This is backed up by hard data. Food assistance participation has been on a downward trend since 2015, when an average of 132,666 Kansas children lived in households that received the benefit each month versus the 93,083 per month enrolled in 2021. The total participation number among Kansans has also been trending down, decreasing from almost 254,000 people in 2016 (the first year after restrictions were implemented) to less than 196,000 people in 2021. This downward trend is very likely not due to Kansas families' financial situations improving. At least some individuals have become ineligible because of the more restrictive requirements for accessing food assistance.

The average monthly benefit per participating Kansan, excluding pandemic relief measures, is just $182, or $6.00 per day. Kansans receiving food assistance are just able to get by during times of hardship.  

SNAP is an effectively designed program, but eligibility restrictions imposed in Kansas have lessened the program’s positive impacts and have even had negative ripple effects on child well-being. For example, researchers have found a strong correlation with more children entering the foster care system when fewer Kansans have access to food assistance and other benefit programs.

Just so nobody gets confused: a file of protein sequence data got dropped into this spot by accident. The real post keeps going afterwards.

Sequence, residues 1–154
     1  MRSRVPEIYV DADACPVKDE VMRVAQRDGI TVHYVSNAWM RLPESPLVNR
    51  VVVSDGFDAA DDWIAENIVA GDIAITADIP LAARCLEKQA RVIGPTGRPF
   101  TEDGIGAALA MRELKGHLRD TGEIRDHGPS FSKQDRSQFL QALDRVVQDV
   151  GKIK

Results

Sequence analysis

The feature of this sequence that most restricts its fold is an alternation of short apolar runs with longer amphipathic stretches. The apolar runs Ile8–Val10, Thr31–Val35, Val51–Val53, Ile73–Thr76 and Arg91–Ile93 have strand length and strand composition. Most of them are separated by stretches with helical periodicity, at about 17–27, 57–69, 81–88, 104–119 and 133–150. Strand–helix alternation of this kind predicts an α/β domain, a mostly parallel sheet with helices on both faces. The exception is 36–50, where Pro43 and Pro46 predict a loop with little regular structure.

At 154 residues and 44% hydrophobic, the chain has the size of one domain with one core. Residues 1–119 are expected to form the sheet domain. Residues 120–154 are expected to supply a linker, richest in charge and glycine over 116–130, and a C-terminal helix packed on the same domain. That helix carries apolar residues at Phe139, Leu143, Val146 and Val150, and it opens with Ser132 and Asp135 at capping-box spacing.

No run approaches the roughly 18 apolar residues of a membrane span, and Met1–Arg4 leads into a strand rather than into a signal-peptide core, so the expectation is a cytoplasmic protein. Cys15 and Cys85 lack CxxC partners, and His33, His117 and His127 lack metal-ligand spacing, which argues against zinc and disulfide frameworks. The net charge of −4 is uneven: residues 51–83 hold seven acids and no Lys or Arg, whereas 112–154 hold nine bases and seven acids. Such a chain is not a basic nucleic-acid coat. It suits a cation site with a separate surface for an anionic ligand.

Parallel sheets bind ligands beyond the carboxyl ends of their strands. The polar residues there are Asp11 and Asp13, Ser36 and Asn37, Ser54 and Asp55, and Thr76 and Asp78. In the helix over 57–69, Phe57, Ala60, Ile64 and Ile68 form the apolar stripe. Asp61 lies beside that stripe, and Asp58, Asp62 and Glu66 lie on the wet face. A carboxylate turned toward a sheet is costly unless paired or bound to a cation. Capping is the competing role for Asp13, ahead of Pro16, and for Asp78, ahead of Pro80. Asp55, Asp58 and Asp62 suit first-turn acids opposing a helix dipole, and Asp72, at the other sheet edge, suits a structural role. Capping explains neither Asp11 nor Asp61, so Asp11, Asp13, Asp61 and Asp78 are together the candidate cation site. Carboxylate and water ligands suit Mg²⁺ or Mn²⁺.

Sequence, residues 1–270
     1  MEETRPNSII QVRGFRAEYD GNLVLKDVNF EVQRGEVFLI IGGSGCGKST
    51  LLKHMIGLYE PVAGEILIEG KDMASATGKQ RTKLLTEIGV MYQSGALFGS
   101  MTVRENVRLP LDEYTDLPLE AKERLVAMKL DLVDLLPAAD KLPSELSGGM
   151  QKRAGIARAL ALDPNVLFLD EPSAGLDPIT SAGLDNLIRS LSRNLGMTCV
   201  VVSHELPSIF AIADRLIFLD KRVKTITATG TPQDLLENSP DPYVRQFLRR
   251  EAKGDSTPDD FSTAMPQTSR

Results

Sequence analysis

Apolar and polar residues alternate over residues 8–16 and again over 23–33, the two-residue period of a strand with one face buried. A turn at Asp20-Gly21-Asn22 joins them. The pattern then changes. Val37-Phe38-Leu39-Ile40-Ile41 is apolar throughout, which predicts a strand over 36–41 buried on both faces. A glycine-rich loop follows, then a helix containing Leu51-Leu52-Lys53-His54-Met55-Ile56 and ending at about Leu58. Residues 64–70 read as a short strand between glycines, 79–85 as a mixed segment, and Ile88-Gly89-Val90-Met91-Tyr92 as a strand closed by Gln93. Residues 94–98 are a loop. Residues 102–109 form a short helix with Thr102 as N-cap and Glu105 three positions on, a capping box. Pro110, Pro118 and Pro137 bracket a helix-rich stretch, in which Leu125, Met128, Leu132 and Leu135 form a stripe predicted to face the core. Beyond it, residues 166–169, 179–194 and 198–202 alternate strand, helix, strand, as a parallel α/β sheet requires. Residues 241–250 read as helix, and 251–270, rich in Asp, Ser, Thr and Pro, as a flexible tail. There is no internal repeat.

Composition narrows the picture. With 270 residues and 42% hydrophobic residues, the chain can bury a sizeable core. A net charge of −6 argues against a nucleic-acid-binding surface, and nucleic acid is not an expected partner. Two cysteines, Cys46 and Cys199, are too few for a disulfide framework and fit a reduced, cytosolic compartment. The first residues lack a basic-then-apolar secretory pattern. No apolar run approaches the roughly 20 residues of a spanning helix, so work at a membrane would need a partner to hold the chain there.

The restrictions and barriers Kansas has put in place are not only unnecessary, but they are actively harmful to those SNAP is designed to assist. The program is structured to target the households who need it most. The lowest income families receive the highest level of benefit, which is still only meant to supplement their grocery budgets. And we know the program is actively supporting the state’s children and the working poor.

Because SNAP is designed intentionally to promote work, lift people out of poverty, and improve outcomes, restrictions that make it harder to apply for and receive help is counterproductive. The overly strict requirements the Kansas Legislature has implemented decrease the likelihood that Kansans can find living wage jobs and better provide for their families’ needs in the long term. We can build more thriving families and communities if we allow the program to work as it is designed to, rather than unnecessarily adding difficulty to the lives of those already doing all they can to put food on their tables for every meal.